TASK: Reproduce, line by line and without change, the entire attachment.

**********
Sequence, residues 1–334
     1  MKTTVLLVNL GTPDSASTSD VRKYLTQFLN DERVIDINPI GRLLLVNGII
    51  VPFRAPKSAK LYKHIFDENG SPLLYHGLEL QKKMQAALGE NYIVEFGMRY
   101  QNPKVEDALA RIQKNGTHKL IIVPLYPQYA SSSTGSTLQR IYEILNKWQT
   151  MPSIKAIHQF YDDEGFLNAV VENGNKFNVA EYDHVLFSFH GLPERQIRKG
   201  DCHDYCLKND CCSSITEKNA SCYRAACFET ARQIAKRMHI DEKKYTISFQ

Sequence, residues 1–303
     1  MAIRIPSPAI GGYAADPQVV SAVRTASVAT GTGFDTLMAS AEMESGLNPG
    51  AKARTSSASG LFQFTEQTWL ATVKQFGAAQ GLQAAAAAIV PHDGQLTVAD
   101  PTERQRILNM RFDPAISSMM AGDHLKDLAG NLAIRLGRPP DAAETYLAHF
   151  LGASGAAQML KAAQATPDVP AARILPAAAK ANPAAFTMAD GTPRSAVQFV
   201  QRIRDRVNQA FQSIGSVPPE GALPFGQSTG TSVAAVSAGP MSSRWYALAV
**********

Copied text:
Sequence, residues 1–334
     1  MKTTVLLVNL GTPDSASTSD VRKYLTQFLN DERVIDINPI GRLLLVNGII
    51  VPFRAPKSAK LYKHIFDENG SPLLYHGLEL QKKMQAALGE NYIVEFGMRY
   101  QNPKVEDALA RIQKNGTHKL IIVPLYPQYA SSSTGSTLQR IYEILNKWQT
   151  MPSIKAIHQF YDDEGFLNAV VENGNKFNVA EYDHVLFSFH GLPERQIRKG
   201  DCHDYCLKND CCSSITEKNA SCYRAACFET ARQIAKRMHI DEKKYTISFQ

Sequence, residues 1–303
     1  MAIRIPSPAI GGYAADPQVV SAVRTASVAT GTGFDTLMAS AEMESGLNPG
    51  AKARTSSASG LFQFTEQTWL ATVKQFGAAQ GLQAAAAAIV PHDGQLTVAD
   101  PTERQRILNM RFDPAISSMM AGDHLKDLAG NLAIRLGRPP DAAETYLAHF
   151  LGASGAAQML KAAQATPDVP AARILPAAAK ANPAAFTMAD GTPRSAVQFV
   201  QRIRDRVNQA FQSIGSVPPE GALPFGQSTG TSVAAVSAGP MSSRWYALAV